Walking in the Woods

I went to a party at my kids’ house in Pollock Pines but I went a few hours early to do a little hiking. They were busy with getting ready so I went off by myself. I don’t do that very often–at least not somewhere other than around here. I guess I wasn’t completely alone because I had Ginny with me. I couldn’t take all three dogs because the property below where my kids live is part of the Sly Park Recreation Area and dogs are supposed to be on leash–I can’t deal with all three on the leash. Besides I didn’t want three dogs party-crashing.

This is a leisurely walk, all downhill at the beginning and then around the lake. As usual I had my camera and this time it didn’t matter how long I sat in a field of yellow flowers to get the right photo. There are hiking and horse trails all through the area and I walked down one that…DSC_5950…meets up with a short nature trail that follows a creek on it’s way to the lake.

Cedar bark dwelling

There is a cedar bark dwelling replica just off the trail.Sly Park, Jenkinson LakeThis is Jenkinson Lake. There camping areas all around it and lots of people on this Memorial Day weekend. I had Ginny on the leash and she had a lot of lessons in good behavior when meeting kids, bikes, etc. Matt had told me that it was about 10 miles from their house, around the lake, and back. When I was standing here I though that maybe I’d do that instead of just an out-and-back walk. I would continue to the left in this photo, go around the dam in the center of the photo and back to their place.DSC_5868After walking some more I came to this part of the lake and decided that maybe an around-the-lake walk wasn’t going to work for today. This is a finger of the lake that juts back up the valley and I would have to walk all the way around this part and the main part of the lake in the other photo. So I went a little further up the west side here and then turned around but took a higher trail back that avoided some of the crowds that were nearer the lake.DSC_5873This is Ginny sitting on the dock. She didn’t seem to care that the ground under her was rocking.DSC_5884That low growing shrub is mountain misery and here are some close-ups.Mountain misery, Chamaebatia foliolosaMountain misery is unique to the western slope of the Sierras and there is a lot of it. It has a pungent oily sap and can play a role in preventing erosion to hillsides in the years following major fires. On the other hand those same deep far-reaching roots use up a lot of moisture and may prevent other plants from becoming established. Mountain misery, Chamaebatia foliolosaI don’t live in the mountains so don’t deal with it as a “weed” and I like the fragrance–it reminds me of the forest after a rain.DSC_5916I came across a small area of striking yellow on a south facing slope. I didn’t identify these flowers but in their midst I found some…monkey flower, Mimulus sp…monkey flowers. At least I’m pretty sure they are Mimulus but I don’t know which species.What I noticed first about them were the seed pods.Monkey flower, Mimulus sp seedpodWhat I noticed first about them were the seed pods.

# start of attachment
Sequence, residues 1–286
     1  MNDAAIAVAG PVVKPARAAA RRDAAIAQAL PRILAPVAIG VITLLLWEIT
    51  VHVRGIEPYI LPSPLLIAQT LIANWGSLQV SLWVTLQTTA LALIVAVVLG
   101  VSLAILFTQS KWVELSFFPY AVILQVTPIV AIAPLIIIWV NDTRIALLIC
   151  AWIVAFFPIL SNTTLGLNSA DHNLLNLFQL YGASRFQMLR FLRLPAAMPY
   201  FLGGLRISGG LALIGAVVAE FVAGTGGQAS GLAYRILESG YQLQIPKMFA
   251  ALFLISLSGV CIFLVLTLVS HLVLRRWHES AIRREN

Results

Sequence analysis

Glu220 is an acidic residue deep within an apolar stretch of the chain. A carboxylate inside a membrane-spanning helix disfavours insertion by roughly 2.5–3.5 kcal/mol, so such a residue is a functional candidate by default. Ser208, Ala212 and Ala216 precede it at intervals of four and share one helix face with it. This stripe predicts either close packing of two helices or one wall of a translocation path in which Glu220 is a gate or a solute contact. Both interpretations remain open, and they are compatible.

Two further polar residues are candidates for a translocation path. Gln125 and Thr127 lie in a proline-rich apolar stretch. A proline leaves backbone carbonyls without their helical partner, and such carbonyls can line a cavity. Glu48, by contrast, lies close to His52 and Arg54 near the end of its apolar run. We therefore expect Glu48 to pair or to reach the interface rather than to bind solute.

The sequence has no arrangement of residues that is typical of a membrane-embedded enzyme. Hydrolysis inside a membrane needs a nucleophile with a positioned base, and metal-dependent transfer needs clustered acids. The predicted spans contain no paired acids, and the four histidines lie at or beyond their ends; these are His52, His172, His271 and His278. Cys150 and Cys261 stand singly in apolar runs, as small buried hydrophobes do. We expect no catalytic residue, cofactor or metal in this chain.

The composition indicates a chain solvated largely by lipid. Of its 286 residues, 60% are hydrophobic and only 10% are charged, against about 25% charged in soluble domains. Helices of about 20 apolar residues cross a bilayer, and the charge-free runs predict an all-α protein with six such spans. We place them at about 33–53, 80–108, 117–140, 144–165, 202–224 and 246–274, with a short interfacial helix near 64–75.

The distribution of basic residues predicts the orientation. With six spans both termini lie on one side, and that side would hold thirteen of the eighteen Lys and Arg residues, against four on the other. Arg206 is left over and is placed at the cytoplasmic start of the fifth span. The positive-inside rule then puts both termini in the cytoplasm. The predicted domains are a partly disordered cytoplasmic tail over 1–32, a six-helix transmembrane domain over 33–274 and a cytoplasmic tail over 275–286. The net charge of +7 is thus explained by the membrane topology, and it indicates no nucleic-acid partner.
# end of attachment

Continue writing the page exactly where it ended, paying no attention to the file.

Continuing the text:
Monkey flower, Mimulus sp seedpod

DSC_5880 The deep green of the trees was in striking contrast to those yellow flowers but the new growth of the trees is a contrast of greens in itself. DSC_5874Back to the more shady woods, taking one of the trails up to the house.

Wild rose

Wild rose.

Buttercup, Ranunculus

DSC_5858I don’t remember this one but do you see what is on the leaf?DSC_5857

Sly Park, Jenkinson LakeDon’t tell Rusty and Maggie where we were. I feel guilty leaving them home.  This was fun for Ginny and me and Ginny got about 6 miles of on-leash work on manners.


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